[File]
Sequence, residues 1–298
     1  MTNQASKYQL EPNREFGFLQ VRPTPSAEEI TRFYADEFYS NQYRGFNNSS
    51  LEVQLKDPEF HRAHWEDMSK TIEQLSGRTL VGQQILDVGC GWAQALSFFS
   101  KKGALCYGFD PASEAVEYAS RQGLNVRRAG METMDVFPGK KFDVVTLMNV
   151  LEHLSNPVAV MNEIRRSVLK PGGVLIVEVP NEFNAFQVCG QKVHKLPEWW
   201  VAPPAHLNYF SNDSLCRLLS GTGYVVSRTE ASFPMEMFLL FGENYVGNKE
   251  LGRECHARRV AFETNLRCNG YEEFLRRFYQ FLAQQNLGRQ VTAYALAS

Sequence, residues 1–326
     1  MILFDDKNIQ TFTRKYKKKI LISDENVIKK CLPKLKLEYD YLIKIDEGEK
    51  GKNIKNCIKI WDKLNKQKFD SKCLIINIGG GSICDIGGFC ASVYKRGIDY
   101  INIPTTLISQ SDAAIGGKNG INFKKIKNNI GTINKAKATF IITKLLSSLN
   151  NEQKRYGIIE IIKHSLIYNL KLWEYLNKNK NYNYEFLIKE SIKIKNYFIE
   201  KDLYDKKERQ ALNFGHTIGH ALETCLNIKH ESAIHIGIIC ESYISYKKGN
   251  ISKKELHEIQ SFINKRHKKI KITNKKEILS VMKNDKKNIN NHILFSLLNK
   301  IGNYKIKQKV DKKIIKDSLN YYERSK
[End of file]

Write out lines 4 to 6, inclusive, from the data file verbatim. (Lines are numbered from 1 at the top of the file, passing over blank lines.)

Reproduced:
   101  KKGALCYGFD PASEAVEYAS RQGLNVRRAG METMDVFPGK KFDVVTLMNV
   151  LEHLSNPVAV MNEIRRSVLK PGGVLIVEVP NEFNAFQVCG QKVHKLPEWW
   201  VAPPAHLNYF SNDSLCRLLS GTGYVVSRTE ASFPMEMFLL FGENYVGNKE